Because that’s what’s happening. These are the days when your world is liquidated. When the places and people in whose care you made the world your own are wiped from the face of the earth, blotted out of history, and expunged from memory. The last days in the ghetto are the last days when it’s still possible to experience your world by smelling its scents, hearing its voices, touching it, missing it, fantasizing about it. The ghetto’s a doomed world, a world of gradual degradation and destruction, a world of ever more unrealistic hopes, kept alive by increasingly implausible euphemisms, but it’s a world that still has a past and a future. Just beyond the deadly fences of the ghetto, basically within walking distance, are the house at 36 Piłsudskiego where you grew up, the school you went to, and the places where your cheeks flushed, your eyes glittered, and your dreams were woven. The town’s no longer called Łód´z but Litzmannstadt, and the streets have been given German names instead of Polish ones; the houses and apartments where two hundred thousand Jews recently lived have now been taken over by Germans, and little by little all links to the past are being severed, and all links to humanity. So yes, your world is about to be wiped out, and day by day the ghetto is dying, but in apartment 6 at 18 Franciszkan´ska, near the corner of Brzezin´ska (which the Germans have renamed Sulzfelderstrasse), there are still some of the people who populated that world, and some of the objects that furnished it (nothing valuable, the Germans have stolen all that, piece by piece, but still), and maybe a boxful of the links that consolidated it, and no doubt somewhere the photographs that immortalized it. Still living there are your father Gershon, your mother Hadassah, and your youngest brother Salek, and a short distance away, at 78 Lutomierska (Hamburgerstrasse), in apartment 29, your big brother Natek and his young wife Andzia, and in number 26 at the same address Andzia’s father Majlech and mother Cywia. And somewhere out there, most recently heard of in Warsaw, your eldest brother Marek, who is also called Mayer. And with the Staw family in apartment number 3 at 18 Franciszkan´ska (Franzstrasse, the Germans have decreed), a very pretty girl two years younger than you called Halina or Hala, but more properly Chaja, and more affectionately Halus´ or Halinka, and on whom you have a teenage crush, and who’s sharing the apartment’s single room with her father Jakob and her mother Rachel and her big sisters Bluma, Bronka, and Sima. In the kitchen there’s yet another family. In the kitchen of apartment 5, on the third floor, lives Hala’s eldest sister Dorka with her husband Jeremiah and their son Obadja, born on April 2, 1939, and still a baby when the ghetto is closed to the outside world on April 30, 1940.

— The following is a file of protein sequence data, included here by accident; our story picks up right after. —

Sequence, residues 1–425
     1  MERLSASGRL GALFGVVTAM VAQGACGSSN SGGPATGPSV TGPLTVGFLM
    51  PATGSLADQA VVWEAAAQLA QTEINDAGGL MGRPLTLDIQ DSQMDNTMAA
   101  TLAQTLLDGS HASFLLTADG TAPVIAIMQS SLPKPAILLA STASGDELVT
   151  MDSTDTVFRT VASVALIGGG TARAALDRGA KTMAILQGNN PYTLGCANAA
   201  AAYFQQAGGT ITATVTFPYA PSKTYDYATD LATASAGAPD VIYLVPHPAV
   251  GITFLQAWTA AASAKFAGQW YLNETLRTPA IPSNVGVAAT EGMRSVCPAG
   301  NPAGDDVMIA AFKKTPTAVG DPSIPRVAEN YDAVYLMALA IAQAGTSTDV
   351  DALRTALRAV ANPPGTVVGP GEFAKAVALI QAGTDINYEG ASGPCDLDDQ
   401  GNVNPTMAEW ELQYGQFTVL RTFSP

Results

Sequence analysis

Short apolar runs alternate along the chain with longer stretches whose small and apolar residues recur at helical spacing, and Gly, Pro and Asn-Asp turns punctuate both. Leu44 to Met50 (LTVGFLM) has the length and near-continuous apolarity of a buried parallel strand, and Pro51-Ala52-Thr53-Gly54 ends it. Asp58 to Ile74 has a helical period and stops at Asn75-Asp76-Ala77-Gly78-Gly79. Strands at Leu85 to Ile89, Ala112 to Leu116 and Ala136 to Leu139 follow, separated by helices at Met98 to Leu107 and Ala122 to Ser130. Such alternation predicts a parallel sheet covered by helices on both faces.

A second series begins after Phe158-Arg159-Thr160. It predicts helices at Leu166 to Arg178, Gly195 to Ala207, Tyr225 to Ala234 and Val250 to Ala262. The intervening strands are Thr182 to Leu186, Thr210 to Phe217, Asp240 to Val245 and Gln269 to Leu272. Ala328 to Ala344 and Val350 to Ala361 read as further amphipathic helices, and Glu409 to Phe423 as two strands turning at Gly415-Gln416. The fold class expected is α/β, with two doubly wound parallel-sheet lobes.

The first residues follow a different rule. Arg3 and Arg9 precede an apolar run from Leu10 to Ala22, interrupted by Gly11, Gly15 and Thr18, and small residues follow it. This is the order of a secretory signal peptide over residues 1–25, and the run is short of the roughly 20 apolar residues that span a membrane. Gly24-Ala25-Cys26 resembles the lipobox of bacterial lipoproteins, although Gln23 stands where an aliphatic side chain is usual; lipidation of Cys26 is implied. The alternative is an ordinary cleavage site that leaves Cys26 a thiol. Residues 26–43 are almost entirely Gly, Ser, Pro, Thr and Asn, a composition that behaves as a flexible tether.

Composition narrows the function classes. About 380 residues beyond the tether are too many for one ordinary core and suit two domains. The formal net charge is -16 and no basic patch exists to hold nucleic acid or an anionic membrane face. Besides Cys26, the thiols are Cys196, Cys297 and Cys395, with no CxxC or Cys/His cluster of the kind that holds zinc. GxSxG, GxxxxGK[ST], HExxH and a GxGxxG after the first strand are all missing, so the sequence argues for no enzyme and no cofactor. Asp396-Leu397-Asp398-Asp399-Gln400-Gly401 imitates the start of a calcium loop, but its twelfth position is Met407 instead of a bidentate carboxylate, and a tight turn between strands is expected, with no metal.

Of course, your world can look like this only during the first days of the ghetto, when the two hundred thousand Jews of Łód´z have just been forced behind the barbed wire, into das Wohngebiet der Juden in Litzmannstadt, and when nearly all of them are still alive and the transports haven’t started yet and the dawn streets aren’t lined with the previous night’s bodies, with people who starved to death or died of typhus or killed themselves, and when the whole thing still seems too unreal to be true. Yes, this is what your world looks like when its root fibers are still attached to living people and memories and it’s still possible to draw a family tree with an ever finer tracery of branches to ever more distant names, places, and stories, and no one yet knows that whole family trees can be chopped down and whole worlds liquidated.
On July 25, 1943, your father Gershon dies in apartment number 6. On July 26, 1943, Jeremiah, Obadja’s father, jumps from the window of apartment number 5 on the third floor and succeeds, not without difficulty, in killing himself. On November 10, 1943, your youngest brother Salek dies in apartment number 6.
I also have their birth dates. Gershon is fifty-six when he dies, Jeremiah forty-two, Salek nineteen. I also have the exact dates on which Rosenberg after Rosenberg is dispatched from the ghetto for onward transport. Rosenberg’s a common name in the ghetto, where it’s spelled with a z instead of an s.
“Ausg. 10.3.42 Tr. 35” is written after the name of the porter Idel Rozenberg, who lives in apartment number 25 at 51 Sulz- felderstrasse (Brzezin´ska) and was born on 1.1.1897. Ausg. means ausgeliefert, dispatched for delivery, and Transport 35, like all the other transports of 1942, goes to the gas vans, the mobile gas chambers in Chełmno.
The list doesn’t include this detail, but I know it’s so.
On March 15, 1942, weaver Majer Hersz Rozenberg, who lives in apartment number 3 at 4 Kranichweg (Z˙urawia), is dispatched on Transport 31.
On March 25, 1942, schoolboy Mordela Rozenberg, who lives in apartment 10 at 1 Fischstrasse (Rybna), is dispatched on Transport 36.
On September 1 and 2, 1942, the ghetto’s hospitals are emptied and the patients dumped into military trucks. Some are dumped out of the windows. Some try to run away.